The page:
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Pan masala brands: Centre urged to act

Pan masala. On display are the items used in a chewing session. The betel leaves are variously folded. Slices of the dry areca nut are on the upper left and slices of the tender areca nut on the upper right. The pouch on the right has tobacco, an optional element. On the lower right, there are dried cloves.The Centre is under pressure from the Food Safety and Standards Authority of India (FSSAI) to ban certain pan masala brands which contain magnesium carbonate and/or nicotine. 

Pan masala, a chewing mixture which sometimes contains tobacco, has come under fire across the country. Numerous states have taken steps to ban certain brands. 

In Rajasthan, state health minister Raghu Sharma announced on Gandhi Jayanti that the state government had “banned storage, distribution and sale of pan masala containing magnesium carbonate, nicotine, tobacco and mineral oil, and flavoured supari under Food Security Act, 2006.” In Bihar, twelve pan masala brands were banned if they contained magnesium carbonate. In Maharashtra, a ban was enacted on pan masala and gutkha in 2012. Earlier this year, Delhi extended a ban on sale, production, and storage of certain tobacco products including pan masala. 

The central government is being urged to follow suit by the Bihar state government. They have encouraged that fifteen brands be banned, which the National Tobacco Testing Laboratory found to contain traces of nicotine and magnesium carbonate. 

“On testing the samples of different brands of pan masala in the state food testing laboratory, all the samples of different brands were found to contain magnesium carbonate in contravention of FSSAI regulations,” wrote state health department secretary Sanjay Kumar. “Based on the lab analysis test reports, we have banned the manufacture, storage, transportation and sale of fifteen pan masala brands, including Rajnigandha, Rajniwas, Supreme, Pan Parag, Bahar, Bahubali, Rajshree, Raunak, Signature, Sir Gold, Shikhar, Vimal, Kamla Pasand, Pashan and Madhu.”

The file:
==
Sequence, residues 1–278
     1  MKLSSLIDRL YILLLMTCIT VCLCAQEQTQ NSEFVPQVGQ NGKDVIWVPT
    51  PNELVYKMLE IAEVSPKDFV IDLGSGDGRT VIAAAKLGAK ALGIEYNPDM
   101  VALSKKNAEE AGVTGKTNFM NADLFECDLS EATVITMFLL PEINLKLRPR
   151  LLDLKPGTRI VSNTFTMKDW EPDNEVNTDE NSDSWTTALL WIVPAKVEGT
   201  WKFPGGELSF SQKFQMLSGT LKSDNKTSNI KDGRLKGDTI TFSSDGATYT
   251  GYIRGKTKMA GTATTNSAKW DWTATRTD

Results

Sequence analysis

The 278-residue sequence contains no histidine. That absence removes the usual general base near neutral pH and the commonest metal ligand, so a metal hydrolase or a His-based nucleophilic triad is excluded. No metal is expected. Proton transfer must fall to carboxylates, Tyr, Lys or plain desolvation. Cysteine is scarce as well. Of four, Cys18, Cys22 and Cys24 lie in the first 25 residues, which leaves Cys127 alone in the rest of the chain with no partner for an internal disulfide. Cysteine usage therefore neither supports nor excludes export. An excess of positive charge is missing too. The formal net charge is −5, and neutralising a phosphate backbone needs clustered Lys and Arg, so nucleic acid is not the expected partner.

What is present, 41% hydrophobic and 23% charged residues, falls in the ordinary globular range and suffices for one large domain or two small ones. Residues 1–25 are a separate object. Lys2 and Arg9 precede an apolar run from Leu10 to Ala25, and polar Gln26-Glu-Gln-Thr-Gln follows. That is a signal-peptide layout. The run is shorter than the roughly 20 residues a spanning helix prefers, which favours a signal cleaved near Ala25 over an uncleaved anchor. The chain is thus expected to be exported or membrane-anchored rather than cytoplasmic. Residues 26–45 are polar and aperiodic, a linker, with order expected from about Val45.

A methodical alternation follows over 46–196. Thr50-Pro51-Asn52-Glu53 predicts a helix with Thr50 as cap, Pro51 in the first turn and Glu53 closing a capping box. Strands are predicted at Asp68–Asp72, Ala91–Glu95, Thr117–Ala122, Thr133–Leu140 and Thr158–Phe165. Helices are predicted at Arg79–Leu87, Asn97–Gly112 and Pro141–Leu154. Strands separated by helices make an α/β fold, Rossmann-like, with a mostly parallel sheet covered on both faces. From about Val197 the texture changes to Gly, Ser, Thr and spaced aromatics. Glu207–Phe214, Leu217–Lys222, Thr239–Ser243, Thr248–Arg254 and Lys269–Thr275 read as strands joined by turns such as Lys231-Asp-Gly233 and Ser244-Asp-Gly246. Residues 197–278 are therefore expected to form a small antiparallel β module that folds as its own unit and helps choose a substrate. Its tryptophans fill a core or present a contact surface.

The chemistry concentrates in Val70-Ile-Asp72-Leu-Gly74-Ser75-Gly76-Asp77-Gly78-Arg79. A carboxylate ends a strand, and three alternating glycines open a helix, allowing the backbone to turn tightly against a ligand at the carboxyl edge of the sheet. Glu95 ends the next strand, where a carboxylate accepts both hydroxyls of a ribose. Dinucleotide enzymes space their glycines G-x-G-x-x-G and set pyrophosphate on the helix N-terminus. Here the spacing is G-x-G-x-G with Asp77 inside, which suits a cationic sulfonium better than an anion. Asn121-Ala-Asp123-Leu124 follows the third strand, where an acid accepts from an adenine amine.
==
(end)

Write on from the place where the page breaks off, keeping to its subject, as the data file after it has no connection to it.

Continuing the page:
Socioeconomic and Educational Development Society executive director Deepak Misra explains “ban of pan masala brands will reduce cases of oral cancer.” Oral cancer is one of the three most prevalent cancers on the Indian subcontinent, with one lakh new cases and a mortality rate of fifty percent within the first twelve months after diagnosis. 

Head and neck cancer cases are expected to double in India by 2030. India is home to 57.5 percent of the world’s head and neck cancer patients. Enacting bans on forms of tobacco such as pan masala is one step which could address this trend.

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